the old cowboy songs that had never been written down, and

a few cowboy poets such as Bruce Kiskaddon, Curley Fletcher,

Henry Herbert Knibbs and Badger Clark were publishing small

volumes of verse about their former lives on the now nonexistent

open range.

"Today, "cowboy' is almost a state of mind," said Steagall.

"The real cowboy who still works on a ranch sets himself

apart from the cowboy who just puts on boots and a hat and

goes to dances on Saturday nights. But the cowboy is about

independence and individualism. He's seen as the last free

American. And everyone, regardless of what walk of life

he's in or where he lives, wants to feel like he's an individual

and he's independent, even if it's just on weekends."

Like J.B. Allen, Steagall grew up in the ranch country of

northwest Texas, where his father worked in the oil fields.

After he graduated from West Texas State University, he

sold agricultural chemicals and rode bulls in rodeos for

a while, then, in 1965, he struck out for California to

seek his fortune in show business. He later moved on to

Nashville, Tenn.

He recorded a number of country hits, wrote several more

that other singers recorded, performed twice at the White

House and discovered Reba McEntire and helped promote her

into stardom. But in 1977 he bought a small ranch near Azle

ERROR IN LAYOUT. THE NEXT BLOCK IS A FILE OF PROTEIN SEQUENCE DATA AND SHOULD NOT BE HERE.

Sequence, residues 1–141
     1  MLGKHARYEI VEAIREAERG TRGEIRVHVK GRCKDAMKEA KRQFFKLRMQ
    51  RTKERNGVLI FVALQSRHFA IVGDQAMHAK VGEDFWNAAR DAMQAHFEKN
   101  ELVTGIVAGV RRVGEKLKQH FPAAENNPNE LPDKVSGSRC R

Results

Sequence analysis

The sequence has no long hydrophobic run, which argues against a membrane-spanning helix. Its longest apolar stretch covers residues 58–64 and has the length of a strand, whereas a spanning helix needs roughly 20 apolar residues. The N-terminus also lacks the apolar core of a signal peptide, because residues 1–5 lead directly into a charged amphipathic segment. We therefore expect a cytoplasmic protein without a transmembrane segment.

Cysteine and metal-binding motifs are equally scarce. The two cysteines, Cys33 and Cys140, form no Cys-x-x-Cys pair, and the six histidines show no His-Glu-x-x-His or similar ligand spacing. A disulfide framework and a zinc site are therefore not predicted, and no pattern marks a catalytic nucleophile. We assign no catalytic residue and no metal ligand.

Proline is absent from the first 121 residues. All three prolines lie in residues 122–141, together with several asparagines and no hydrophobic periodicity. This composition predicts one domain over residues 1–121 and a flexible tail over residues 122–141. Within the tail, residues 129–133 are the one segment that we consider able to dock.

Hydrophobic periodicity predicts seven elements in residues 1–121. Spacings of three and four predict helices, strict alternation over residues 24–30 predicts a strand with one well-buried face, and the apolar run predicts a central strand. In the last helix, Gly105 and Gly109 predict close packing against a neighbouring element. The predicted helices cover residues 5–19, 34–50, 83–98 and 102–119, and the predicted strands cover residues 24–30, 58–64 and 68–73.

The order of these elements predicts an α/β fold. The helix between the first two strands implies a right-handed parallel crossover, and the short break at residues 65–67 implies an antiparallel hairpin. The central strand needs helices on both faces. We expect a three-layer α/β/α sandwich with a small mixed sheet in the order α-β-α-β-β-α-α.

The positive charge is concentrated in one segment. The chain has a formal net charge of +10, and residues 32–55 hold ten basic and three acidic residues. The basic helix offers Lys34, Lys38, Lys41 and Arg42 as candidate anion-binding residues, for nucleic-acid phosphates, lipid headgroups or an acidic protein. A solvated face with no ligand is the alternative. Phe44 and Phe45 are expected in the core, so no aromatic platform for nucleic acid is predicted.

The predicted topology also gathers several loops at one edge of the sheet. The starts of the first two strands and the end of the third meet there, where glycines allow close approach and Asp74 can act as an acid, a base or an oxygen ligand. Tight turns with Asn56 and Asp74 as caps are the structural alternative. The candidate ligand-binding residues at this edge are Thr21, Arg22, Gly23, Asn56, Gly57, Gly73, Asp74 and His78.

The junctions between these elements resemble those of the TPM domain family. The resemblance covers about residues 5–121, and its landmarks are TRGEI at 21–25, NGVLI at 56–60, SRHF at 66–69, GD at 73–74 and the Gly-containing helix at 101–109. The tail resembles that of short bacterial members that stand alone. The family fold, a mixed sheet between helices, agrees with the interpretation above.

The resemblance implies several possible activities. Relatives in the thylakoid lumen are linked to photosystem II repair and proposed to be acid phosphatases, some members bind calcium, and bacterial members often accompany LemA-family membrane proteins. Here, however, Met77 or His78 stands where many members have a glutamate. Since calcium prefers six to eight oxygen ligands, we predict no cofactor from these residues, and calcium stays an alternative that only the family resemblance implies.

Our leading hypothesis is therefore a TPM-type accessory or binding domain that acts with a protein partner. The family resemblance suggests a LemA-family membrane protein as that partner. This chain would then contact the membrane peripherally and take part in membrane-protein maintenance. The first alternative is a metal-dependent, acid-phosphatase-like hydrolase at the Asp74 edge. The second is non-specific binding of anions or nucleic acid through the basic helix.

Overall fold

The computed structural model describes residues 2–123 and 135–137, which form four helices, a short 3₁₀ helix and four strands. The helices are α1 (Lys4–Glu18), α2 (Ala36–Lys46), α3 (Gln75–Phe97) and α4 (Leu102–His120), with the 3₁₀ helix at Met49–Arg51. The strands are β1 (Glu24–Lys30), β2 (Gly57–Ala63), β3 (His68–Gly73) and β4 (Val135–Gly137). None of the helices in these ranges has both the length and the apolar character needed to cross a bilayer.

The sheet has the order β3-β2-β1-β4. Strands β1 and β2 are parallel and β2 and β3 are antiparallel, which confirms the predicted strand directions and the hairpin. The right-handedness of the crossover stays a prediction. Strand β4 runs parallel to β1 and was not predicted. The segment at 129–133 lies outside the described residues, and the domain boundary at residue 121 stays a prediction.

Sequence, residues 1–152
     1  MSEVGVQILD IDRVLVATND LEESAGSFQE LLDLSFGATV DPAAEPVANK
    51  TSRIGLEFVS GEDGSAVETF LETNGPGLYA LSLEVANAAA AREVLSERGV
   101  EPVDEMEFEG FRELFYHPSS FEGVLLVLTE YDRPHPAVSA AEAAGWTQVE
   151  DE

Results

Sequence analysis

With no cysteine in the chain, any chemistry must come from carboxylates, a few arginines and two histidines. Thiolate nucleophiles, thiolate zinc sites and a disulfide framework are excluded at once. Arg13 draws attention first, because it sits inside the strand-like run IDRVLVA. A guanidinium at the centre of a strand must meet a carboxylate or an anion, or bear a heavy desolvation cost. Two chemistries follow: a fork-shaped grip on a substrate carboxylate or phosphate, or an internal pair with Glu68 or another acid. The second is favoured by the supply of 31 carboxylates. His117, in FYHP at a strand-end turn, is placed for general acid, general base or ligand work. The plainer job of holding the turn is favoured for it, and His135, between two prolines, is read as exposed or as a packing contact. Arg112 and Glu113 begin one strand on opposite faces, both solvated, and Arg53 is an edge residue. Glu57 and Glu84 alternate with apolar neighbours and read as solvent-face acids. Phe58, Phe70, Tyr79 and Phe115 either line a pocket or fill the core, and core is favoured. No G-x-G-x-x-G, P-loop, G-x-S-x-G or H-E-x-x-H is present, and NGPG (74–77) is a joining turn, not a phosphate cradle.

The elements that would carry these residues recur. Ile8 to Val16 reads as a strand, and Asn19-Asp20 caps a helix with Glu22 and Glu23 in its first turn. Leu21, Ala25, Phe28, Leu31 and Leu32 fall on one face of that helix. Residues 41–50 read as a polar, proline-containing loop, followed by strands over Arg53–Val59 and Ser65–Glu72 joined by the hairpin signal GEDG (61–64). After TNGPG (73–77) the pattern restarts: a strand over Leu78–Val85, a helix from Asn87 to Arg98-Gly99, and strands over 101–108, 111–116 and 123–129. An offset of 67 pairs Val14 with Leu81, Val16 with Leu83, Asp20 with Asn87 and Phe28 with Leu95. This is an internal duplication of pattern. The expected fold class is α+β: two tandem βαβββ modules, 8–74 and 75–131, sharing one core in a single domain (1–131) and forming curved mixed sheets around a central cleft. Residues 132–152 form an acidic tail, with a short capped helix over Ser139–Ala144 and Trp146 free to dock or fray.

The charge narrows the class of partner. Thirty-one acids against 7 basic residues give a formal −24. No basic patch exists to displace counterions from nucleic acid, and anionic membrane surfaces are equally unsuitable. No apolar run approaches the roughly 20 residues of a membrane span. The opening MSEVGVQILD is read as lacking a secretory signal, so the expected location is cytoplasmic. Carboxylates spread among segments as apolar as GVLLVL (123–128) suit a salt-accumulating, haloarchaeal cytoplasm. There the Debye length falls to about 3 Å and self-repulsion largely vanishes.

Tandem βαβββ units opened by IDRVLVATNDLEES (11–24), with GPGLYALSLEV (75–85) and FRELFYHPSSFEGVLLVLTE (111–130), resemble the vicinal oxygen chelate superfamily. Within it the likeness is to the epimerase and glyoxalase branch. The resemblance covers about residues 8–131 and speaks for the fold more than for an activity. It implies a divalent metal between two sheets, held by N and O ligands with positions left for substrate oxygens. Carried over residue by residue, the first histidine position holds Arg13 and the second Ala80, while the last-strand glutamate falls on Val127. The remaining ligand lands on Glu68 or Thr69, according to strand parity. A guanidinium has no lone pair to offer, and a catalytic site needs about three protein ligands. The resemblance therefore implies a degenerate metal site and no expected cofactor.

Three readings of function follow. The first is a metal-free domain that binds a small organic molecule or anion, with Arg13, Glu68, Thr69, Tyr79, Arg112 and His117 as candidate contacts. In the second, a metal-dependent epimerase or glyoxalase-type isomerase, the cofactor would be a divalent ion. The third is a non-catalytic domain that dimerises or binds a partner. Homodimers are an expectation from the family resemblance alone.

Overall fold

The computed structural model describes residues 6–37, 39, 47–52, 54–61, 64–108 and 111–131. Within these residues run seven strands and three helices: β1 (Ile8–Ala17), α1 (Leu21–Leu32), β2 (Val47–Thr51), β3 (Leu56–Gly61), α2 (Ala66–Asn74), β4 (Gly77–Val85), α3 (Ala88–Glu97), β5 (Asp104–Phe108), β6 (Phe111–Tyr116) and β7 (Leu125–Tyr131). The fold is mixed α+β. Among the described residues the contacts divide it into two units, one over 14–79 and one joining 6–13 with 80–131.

and moved back home.

"I really love north Texas," he said. "This is where

I belong, and this is where I'm going to stay." For several

years he raised cutting horses, but now his livestock consists

of only four horses, two buffalo, one 17-year-old longhorn

steer and a dog. He still records his songs and tours about

250 dates a year, but his songs now are in the traditional

cowboy vein, not the slick country hits they used to be.

"All those years when I was writing songs, I was very conscious

of whether or not they were commercial," he said. "If

they weren't commercial, I didn't even bother to finish

them. I threw away thousands of ideas that I'll never get

back, that are gone forever."

In 1985, Steagall attended the first Cowboy Poetry Gathering

in Elko, Nev., the event that many cite as the beginning

of the cowboy poetry movement. "I got all caught up in

the spirit of the poetry," he said, "and I realized that's

where my ideas belong. I just absolutely fell in love with

it. For five years after that, I didn't write a song. I

didn't write anything but poems. It's the greatest creative

release I've ever known."

Earlier this year, Texas Christian University Press published

"Ride for the Brand," a collection of Steagall's songs

and poems, and for four years he has run his own version

of a cowboy gathering in Fort Worth. His features lots of

cowboy music - especially Western swing, which originated

in Fort Worth - a two-night ranch rodeo and a chuck wagon

cook-off in which ranch cooks compete against each other.

An addition this year was the Cowboy and Cowgirl Poetry

Contest, in which 1,374 children from 49 west Texas towns

submitted their work.

But the centerpiece is always a daylong string of cowboy

poets from Texas and the Southwest, who stand before crowds

of hundreds and recite their horseback-rhythmic rhymes about

life, work and death on the range.

"A lot of people refuse to acknowledge that cowboy poetry

is a real art form," Steagall said. "For generations now,

some people have refused to accept country music as a musical

art form, and Western novels as literature, and Western

art as art. It doesn't bother me. The people who don't like

what we're doing, I don't identify with their life, either.

But I accept the fact that they have one.